Jesus did not commit Himself unto them, because He knew all men.
I. THE DANGER OF A SUPERFICIAL FAITH. It was only such a faith that these people had who believed in Christ on the ground of His miracles. It did not satisfy Christ. It had no deep root and had not led to loyal acceptance of His doctrine. Compare it with that of Nicodemus. Both felt that Christ was a teacher sent from God; but in the one case the feeling stopped there; in the other it stimulated patient inquiry. Consequently, while Christ did not commit Himself to the one, He did to the other. There are believers and believers; there is a serious possibility of being a sincere believer, but with a faith so shallow as not to be owned by Christ.

II. THE UNPROFITABLENESS OF A SUPERFICIAL FAITH. Christ had no faith in their faith. Shallow faith secures none of the privileges of discipleship; it does not appropriate Christ, and therefore does not enjoy His love and friendship. Christ reciprocates the faith of His true disciples only.

III. THE PERFECT ACQUAINTANCE WHICH CHRIST HAS WITH THE STATE OF PROFESSED BELIEVERS.

1. This bears on the nature of Christ ascribing to Him an attribute of Deity.

2. This bears on ourselves, telling us how thoroughly we are known. We may deceive ourselves, but we cannot deceive Him. This should lead to carefulness and honesty.

(W. Steele, M. A.)

Nature in all her realms lies open to His eye. Mankind in all its races are in His view. Every man's circumstances and thoughts are known to Him. This knowledge' is —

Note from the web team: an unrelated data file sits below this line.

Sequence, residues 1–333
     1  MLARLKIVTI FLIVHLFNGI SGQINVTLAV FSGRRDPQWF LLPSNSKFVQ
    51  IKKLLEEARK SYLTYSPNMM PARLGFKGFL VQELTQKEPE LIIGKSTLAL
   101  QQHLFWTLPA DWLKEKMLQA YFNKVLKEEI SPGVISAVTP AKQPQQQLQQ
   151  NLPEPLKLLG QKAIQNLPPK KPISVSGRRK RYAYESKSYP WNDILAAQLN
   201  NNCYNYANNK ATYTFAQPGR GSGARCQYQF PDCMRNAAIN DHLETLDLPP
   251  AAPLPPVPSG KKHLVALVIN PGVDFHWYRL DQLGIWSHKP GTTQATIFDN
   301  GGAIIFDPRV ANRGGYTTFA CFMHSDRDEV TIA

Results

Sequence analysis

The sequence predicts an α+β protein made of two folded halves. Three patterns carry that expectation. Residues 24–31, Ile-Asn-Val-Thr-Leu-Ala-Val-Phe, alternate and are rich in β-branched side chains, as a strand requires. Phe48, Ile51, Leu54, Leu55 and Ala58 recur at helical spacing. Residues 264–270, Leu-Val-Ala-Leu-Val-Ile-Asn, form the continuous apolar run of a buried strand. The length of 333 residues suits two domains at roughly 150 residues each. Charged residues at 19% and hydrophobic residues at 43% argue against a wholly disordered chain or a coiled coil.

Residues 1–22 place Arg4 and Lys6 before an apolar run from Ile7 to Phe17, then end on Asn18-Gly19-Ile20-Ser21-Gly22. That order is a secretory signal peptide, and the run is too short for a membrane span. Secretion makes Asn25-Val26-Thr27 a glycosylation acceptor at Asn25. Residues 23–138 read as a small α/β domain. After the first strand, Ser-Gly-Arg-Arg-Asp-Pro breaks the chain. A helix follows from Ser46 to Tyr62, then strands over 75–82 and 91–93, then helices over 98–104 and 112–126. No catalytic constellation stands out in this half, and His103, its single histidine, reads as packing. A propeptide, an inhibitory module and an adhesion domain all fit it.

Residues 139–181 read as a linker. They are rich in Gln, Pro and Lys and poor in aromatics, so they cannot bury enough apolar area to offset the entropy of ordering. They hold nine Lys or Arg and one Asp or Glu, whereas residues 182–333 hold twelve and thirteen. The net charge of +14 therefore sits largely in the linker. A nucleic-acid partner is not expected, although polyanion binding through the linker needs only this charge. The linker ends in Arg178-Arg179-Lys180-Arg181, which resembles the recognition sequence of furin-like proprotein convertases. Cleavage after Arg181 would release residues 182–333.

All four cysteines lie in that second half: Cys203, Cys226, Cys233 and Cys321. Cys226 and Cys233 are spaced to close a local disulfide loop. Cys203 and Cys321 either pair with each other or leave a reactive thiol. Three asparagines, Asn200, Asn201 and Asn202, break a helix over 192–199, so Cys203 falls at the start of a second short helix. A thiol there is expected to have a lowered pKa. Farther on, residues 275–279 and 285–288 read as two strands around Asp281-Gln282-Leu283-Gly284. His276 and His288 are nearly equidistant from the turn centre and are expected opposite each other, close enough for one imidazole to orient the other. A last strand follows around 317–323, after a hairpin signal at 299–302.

I. INTUITIVE Ours is dependent on human testimony; His utterly independent of it. Who told Him Zaccheus' name, or of the domestic history of the woman of Samaria, or of the treachery of Judas? And so now from heaven He addressed Saul of Tarsus by name and told the Asian churches that He knew their works. Still "All things are naked and open unto His eyes."

II. UNIVERSE. With instant discrimination He knew friend from foe, the enthusiasts which fed on His miracles, and that which was love to Himself. Where is there a man? Christ knows Him, one of a thousand millions. What is He doing in crowded mart or solitary cell? Christ knows all about it.

III. INTIMATE. He reads thoughts, feelings, affections, desires. Deception has no covering from Him; hypocrisy no mask He cannot pierce. Judas may deceive the twelve, he cannot deceive the Lord. There is no secrecy in sin. Conclusion: Take comfort from Christ's omniscience.

1. Are we in sorrows? Think of Hagar.

2. Do we give ourselves to prayer? Think of Nathanael.

3. Are we of doubtful mind? Think of Thomas.

(G. T. Coster.)

I. WE MAY MEASURE IT IN PART BY THE TEMPTATION IT RESISTED. It was more wonderful than even His mighty works. Around Christ was a nation full of Messianic hopes. All He had to do was by falling in with the notional ideas to gather those hopes around Himself. Who could have resisted such a temptation but He who knew the falsity of the hearts which entertained those hopes.

II. IT DEPENDED UPON THOROUGH AND ABSOLUTE KNOWLEDGE. With most people distrust is the offspring, as in turn it becomes the parent of ignorance. When men have never fairly tried their fellows or studied their behaviour under circumstances which reveal character, they naturally hesitate to commit great interests to their keeping. Christ knew men because He knew man.

III. ITS BEARINGS ON THE REDEMPTIVE WORK OF CHRIST WERE MOST IMPORTANT.

1. It safeguarded Him from surprise and precipitancy.

2. It rendered His death absolutely voluntary.

(A. F. Muir, M. A.)

Christ knows the very roots of the trees; we know the character of the trees only from the fruits.

(Calvin.)

I. THE WORKS WHICH THE SAVIOUR PERFORMED.

1. Where they were performed.

2. When on the feast day, a most favourable time.

II. THE HONOUR WHICH THE SAVIOUR RECEIVED. No greater honour can be given to a man than to trust him.

1. By what means the people's faith was produced. Miracles.

2. The number who were convinced of the truth of Christ's claims was considerable.

III. THE CAUTION WHICH THE SAVIOUR EXERCISED.

1. How it was shown.

2. The reason assigned.

3. The truth announced — "Needed not," etc.